“Consumers have been frightened and tricked into parting with thousands of dollars by misleading solicitations and high-pressure sales tactics,” said Andy Fisher, President and CEO of the BBB. “Many in the industry have preyed on the elderly and other unsophisticated buyers who believed they were getting warranties sanctioned by auto manufacturers. What most of them got was a worthless piece of paper.”
The BBB in St. Louis undertook a study of the industry because of the large number of complaints filed with that BBB, including 97 consumers from Louisiana. The study included a survey of 660 complainants across the country.
While the industry has been evolving for at least the past 25 years, enforcement of consumer protection laws was rare and increased only in the past five years or so, the study notes. It recommends that state and federal authorities be more vigilant and vigorous in prosecuting violators of the laws, including criminal prosecution of the more egregious offenders, a rarity thus far.
Several states have enacted or are considering stiffer laws regulating the industry and a new federal regulation has brought robo-calling to a virtual halt. Along with recent prosecution of offenders, this “may herald a new beginning in the industry,” the BBB study concludes. But it also warns that if enforcement continues to be lax, those in the industry “may continue to find ways to evade the laws.”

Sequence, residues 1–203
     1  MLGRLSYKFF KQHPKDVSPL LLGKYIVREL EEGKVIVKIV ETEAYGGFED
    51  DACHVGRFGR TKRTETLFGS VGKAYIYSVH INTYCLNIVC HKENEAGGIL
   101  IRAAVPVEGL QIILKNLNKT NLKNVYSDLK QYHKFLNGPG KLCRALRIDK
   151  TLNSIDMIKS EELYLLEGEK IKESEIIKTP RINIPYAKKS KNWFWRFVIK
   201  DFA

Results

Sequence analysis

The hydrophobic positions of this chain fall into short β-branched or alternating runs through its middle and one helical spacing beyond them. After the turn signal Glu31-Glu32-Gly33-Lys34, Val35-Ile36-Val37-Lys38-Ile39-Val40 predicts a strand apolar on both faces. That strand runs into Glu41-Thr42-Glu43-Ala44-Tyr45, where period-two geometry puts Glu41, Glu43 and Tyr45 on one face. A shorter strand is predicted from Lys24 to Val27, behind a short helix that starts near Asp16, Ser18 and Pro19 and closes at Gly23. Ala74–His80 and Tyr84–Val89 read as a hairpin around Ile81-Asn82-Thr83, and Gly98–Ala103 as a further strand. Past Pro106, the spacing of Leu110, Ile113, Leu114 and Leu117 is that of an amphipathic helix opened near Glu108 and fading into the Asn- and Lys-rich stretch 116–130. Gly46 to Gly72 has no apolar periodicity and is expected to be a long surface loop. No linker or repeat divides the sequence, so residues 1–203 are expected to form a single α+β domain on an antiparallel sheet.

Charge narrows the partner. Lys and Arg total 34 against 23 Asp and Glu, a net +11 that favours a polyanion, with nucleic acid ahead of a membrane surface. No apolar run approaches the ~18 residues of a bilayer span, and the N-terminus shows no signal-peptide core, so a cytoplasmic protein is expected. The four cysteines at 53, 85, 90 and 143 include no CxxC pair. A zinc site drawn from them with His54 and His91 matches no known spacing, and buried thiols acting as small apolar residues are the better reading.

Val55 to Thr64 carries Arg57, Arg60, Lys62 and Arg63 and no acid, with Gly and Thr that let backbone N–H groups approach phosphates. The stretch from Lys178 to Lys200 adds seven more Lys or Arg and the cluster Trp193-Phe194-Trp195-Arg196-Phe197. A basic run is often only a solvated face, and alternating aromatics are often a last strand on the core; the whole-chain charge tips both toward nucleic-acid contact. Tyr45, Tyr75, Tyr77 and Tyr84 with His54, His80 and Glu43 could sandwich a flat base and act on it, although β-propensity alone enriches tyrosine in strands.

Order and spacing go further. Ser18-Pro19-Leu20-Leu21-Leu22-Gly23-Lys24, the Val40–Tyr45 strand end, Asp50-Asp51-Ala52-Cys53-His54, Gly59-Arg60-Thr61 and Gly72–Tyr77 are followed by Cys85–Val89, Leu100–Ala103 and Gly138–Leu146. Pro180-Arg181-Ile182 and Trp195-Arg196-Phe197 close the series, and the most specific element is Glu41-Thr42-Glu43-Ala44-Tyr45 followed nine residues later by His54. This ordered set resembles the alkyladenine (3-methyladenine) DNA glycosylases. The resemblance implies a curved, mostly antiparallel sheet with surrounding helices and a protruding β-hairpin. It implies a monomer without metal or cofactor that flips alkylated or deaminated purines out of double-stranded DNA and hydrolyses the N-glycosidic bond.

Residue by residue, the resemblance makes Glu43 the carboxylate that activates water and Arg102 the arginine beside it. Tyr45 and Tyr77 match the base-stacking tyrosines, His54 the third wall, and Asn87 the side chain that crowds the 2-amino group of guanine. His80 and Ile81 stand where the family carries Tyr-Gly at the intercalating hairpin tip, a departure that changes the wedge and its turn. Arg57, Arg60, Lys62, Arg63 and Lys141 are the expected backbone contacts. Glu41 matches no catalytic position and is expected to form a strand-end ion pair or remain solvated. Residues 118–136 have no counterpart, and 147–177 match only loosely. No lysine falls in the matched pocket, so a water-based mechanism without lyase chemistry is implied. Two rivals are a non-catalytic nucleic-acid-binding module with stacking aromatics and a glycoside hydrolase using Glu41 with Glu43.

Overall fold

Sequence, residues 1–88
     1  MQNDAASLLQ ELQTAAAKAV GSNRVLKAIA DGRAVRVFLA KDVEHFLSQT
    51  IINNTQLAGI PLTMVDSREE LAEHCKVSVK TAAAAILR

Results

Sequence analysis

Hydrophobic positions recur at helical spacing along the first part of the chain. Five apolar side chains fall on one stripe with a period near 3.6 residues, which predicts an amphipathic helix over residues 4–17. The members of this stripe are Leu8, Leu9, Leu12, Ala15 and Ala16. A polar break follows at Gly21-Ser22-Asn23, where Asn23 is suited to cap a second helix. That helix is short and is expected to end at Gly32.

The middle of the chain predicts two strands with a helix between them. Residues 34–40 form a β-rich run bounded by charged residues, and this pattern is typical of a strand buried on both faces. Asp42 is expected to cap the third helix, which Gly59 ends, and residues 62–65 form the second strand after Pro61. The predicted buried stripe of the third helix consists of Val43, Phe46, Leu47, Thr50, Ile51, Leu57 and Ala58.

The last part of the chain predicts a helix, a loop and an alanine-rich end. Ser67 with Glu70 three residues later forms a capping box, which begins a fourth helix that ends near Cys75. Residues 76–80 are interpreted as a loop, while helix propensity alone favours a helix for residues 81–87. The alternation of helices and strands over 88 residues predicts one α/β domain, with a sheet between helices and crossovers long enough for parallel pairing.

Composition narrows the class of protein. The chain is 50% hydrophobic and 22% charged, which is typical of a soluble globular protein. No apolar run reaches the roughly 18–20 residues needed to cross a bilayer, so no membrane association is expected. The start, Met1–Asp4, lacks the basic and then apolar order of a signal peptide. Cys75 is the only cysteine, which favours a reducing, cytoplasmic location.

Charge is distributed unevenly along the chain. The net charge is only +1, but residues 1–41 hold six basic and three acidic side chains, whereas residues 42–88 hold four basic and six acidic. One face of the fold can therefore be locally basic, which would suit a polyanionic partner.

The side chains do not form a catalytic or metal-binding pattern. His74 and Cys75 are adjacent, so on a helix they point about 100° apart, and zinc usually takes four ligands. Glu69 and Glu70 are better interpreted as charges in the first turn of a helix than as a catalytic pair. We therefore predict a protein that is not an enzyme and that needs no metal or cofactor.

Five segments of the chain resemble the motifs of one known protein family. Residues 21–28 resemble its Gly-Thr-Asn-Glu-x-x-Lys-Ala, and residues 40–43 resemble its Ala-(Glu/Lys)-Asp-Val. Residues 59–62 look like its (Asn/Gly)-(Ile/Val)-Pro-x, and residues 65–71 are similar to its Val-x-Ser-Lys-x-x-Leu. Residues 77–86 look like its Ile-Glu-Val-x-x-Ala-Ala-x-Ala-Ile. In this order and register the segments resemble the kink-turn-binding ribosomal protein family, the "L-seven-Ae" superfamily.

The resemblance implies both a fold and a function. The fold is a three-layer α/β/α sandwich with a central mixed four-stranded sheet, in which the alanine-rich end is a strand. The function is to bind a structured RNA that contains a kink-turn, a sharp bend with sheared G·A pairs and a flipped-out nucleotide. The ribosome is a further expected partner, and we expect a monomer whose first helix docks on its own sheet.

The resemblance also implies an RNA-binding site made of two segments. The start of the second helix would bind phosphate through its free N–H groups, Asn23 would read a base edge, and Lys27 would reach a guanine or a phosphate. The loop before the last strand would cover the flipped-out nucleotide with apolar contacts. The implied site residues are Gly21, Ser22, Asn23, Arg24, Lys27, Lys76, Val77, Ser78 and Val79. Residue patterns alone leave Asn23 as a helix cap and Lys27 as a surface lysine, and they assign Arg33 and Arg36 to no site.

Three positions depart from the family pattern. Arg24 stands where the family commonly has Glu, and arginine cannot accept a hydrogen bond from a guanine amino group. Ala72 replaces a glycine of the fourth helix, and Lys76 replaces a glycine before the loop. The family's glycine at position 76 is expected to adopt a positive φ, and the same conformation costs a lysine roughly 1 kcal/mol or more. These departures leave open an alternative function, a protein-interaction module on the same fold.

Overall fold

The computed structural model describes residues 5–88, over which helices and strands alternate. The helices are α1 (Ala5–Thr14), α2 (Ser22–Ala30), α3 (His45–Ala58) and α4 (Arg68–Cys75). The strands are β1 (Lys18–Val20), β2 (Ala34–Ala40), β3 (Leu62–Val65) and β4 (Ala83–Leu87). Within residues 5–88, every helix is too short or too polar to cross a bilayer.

The study pointed out that the multi-tiered industry—sellers, providers, administrators, insurers and financing entities—cause confusion among consumers. It notes that 64% of respondents to the survey said they did not know the name of the provider of the contract who was responsible for paying claims, and 16% thought the provider was the insuring company.
The survey revealed that 92% of respondents felt that the company’s selling tactics were misleading or otherwise improper. While telephone calls accounted for 28% of the first contact with a company, a like number of consumers said they called a company because of TV or radio advertising. Thirty-one percent said they responded to a mail solicitation.
Once a contract was accepted and payments begun or completed, 93% of consumers surveyed said the companies refused to allow claims that they thought were covered by the contract. The average amount consumers spent for those “uncovered” repairs was $1,480, the study notes.
A lesser known aspect of the VSC industry is a requirement in many states that contracts be backed by insurance policies or other indications of financial stability to provide protection for consumers. If a company denied repairs, a consumer could appeal to the company that insured the contract. The study notes that 84% of consumers responding to a survey did not know the name of the insurance company, if the contract was insured.
The BBB advises consumers who are considering buying a VSC:
· Always read the contract carefully before agreeing to purchase it. See what is covered, what isn’t covered and what conditions apply. If the seller won’t provide a contract, don’t buy it.
· If you are on a do-not-call list, report any violations to the attorney general’s office or FTC.
· Do the arithmetic. Sometimes the cost of a contract may be more than the car’s value.
· Ask the seller the names and locations of the providers, administrators and insurers. Ask how claims are processed.
· Check all companies involved in the contract with the BBB at www.bbb.org.
The study can be found at http://tinyurl.com/3p45k3a